By Mark Saldana
Rating: 3 (Out of 4 Stars)
Director Christopher Nolan, the man who reinvented the comic book hero movie, set his ambitions and sights higher with his follow up film to The Dark Knight Rises. After his brother Jonathan wrote the initial script, the two collaborated in further developing the story and screenplay for production. Utilizing both anamorphic 35 mm and IMAX 70 mm cameras, Nolan, cinematographer Hoyte Van Hoytema, and their effects crew have created a visually stunning movie. Though the story has its beautifully poignant and breathtaking moments, the flaws keep Interstellar from completely achieving the ambitions of the Nolans.
In the not-so-distant future, the Earth seems to be dying and the human race will soon go with it, unless the scientists of the world can come up with a solution. While some seek answers for rescuing the planet from the droughts and dust storms, others are seeking living options elsewhere. When a wormhole is discovered in our solar system, a group of visionary scientists come up with some plans to use this shortcut to seek for habitable planets in other galaxies. Former astronaut-turned-farmer Cooper (Matthew McConaughey) gets tapped to pilot the mission; however, this risky journey will either keep him away from his family several years or indefinitely.
Jonathan and Christopher Nolan’s story is epic in scope and ambition, but falters in being somewhat long winded and also in having some plot holes, particularly in the last act. After the carefully structured and meticulously written first acts, the conclusion of the film drops the ball somewhat and comes across as contrived and hackneyed. In all of its scientific exposition and somewhat cold, intelligent leanings, the movie does have heart. In fact, the Nolans’ examination of humanity’s difficulty in reconciling matters of the heart with matters of the brain makes this movie somewhat compelling. However, this real human issue is indicative in how the fillmmakers tell this story. As much brains they put into most of their film, their attempt to close the film on a more sentimental note feels forced and unnatural.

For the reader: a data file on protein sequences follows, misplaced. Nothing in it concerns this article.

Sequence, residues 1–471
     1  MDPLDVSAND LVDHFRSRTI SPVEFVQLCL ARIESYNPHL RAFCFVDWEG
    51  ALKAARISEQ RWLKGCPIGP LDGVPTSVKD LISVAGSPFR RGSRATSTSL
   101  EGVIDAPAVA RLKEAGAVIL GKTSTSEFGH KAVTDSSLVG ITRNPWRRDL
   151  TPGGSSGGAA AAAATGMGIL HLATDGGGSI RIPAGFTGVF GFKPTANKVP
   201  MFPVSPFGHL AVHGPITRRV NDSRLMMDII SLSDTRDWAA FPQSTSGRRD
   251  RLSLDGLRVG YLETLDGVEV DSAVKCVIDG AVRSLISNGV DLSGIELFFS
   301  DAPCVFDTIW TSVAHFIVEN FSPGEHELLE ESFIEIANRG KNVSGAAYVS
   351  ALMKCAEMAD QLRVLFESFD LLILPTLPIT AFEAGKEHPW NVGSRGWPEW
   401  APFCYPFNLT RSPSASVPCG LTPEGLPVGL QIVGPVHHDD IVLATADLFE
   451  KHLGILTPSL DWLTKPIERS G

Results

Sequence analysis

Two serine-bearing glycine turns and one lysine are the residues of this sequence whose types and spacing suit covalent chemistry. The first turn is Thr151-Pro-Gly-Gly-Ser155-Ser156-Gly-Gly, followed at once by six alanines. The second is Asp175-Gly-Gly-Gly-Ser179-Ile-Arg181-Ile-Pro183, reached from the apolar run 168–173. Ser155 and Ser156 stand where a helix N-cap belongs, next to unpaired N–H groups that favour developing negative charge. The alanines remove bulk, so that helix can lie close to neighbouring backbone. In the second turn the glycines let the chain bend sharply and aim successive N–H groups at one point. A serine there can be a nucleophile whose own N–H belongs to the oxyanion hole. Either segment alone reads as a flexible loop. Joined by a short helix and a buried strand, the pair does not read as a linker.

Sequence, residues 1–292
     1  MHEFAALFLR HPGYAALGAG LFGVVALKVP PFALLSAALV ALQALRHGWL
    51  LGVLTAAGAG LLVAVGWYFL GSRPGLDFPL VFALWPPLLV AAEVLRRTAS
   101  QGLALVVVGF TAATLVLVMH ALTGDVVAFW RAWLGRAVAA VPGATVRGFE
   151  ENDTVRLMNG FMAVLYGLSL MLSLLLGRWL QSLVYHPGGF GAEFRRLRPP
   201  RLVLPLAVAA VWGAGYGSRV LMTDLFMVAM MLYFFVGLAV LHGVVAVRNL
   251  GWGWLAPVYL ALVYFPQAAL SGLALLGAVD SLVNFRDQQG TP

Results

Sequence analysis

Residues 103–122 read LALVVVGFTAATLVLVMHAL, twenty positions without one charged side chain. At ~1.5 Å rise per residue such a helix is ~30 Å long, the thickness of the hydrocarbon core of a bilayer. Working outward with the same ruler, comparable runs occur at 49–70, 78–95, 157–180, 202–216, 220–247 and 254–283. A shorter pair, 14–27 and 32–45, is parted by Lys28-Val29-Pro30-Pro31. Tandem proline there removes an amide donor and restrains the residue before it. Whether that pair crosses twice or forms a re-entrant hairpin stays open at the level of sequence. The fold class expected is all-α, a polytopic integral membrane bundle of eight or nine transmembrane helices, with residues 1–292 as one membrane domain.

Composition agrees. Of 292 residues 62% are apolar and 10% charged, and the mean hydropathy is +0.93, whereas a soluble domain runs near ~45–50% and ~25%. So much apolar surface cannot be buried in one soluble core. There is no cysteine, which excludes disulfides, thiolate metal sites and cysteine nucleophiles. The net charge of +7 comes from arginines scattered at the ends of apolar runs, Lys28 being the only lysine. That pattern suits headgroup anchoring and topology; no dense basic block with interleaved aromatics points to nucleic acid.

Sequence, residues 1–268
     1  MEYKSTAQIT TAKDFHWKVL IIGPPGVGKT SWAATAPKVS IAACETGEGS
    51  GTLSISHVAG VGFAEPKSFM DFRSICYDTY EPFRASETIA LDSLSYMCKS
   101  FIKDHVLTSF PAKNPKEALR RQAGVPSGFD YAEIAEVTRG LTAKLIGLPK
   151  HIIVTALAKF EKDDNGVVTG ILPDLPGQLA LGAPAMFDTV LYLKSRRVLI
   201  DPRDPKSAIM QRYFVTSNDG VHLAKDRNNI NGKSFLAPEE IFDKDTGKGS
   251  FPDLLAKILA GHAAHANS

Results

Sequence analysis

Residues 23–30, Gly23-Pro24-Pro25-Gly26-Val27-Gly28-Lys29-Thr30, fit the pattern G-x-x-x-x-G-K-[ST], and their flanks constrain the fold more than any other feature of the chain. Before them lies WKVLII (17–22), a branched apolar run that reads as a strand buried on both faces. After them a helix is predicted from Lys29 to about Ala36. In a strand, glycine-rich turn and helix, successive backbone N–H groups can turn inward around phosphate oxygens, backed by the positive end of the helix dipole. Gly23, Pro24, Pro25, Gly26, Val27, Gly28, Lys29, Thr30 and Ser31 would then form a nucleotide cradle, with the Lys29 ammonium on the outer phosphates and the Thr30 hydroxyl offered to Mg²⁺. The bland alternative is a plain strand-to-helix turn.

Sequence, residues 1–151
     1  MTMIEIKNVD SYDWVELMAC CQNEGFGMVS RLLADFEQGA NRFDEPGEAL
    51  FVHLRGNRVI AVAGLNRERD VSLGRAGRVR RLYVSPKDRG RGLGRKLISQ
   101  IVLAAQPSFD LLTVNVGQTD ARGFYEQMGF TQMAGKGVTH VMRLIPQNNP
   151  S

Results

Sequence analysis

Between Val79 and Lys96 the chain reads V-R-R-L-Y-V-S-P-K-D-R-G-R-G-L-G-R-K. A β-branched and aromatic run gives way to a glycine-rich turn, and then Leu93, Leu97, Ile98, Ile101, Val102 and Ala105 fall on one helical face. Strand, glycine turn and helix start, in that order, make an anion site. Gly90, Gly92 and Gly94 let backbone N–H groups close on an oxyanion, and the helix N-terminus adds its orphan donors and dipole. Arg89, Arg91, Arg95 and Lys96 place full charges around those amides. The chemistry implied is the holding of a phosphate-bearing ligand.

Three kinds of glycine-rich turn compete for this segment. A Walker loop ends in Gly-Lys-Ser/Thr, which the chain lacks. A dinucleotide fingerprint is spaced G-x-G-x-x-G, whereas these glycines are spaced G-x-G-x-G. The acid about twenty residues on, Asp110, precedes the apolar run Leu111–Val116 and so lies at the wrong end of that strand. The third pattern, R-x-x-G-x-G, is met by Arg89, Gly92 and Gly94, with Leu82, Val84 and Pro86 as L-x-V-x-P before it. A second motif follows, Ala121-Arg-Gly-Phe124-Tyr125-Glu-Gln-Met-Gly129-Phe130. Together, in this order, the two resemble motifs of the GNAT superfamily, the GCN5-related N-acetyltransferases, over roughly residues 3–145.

Despite these writing problems, the movie is worth experiencing for its effective story crescendos and for the gorgeous look of the film. Audiences should most definitely see this film on the big screen. The screening I attended presented the movie on a giant IMAX screen. The cinematography looks amazing on the massive screen, but the screening I attended was plagued with technical issues. The print looked a bit dirty for a new movie, and the sound levels needed adjustment. The bass rumbled way too loudly and sounded like it was about to blow the speakers. This is first for me, as almost all of my IMAX viewings at the Bob Bullock Museum, here in Austin, have been superb. Hopefully, the theater management will address these issues and hopefully, other IMAX theaters will not have any of these problems.
All technical and writing problems aside, the cast members all perform well with McConaughey wearing his heart proudly on his sleeve. He delivers what is probably his most heartfelt and emotional performance ever. Anne Hathaway stars as Dr. Amelia Brand, one of the scientists and crew members on the treacherous mission. As usual, Hathaway proves why her name deserves its place high up on the credits listing. The movie also features impressive and beautiful performances by Jessica Chastain, Mackenzie Foy, Michael Caine, John Lithgow, David Gyasi and Ellen Burstyn. As an added bonus, the mult-talented Bill Irwin voices the hilariously snarky robot TARS. As a director, Christopher Nolan obviously works well with his cast members and knows how to get the best from them.
So even though Interstellar may not live up to the high expectations fans and movie goers may have for it. I must recommend it for its positive attributes. The movie is quite amazing in parts, but does have its problems in other moments. The Nolans and their crew do succeed in creating a remarkable sensory ,cinematic experience, but they seemed to have forgotten how to genuinely conclude their movies on magical notes. The Dark Knight Rises also suffers from this issue, so hopefully after these last two films, they will relearn how to create a thoroughly satisfying movie experience. They have done it before.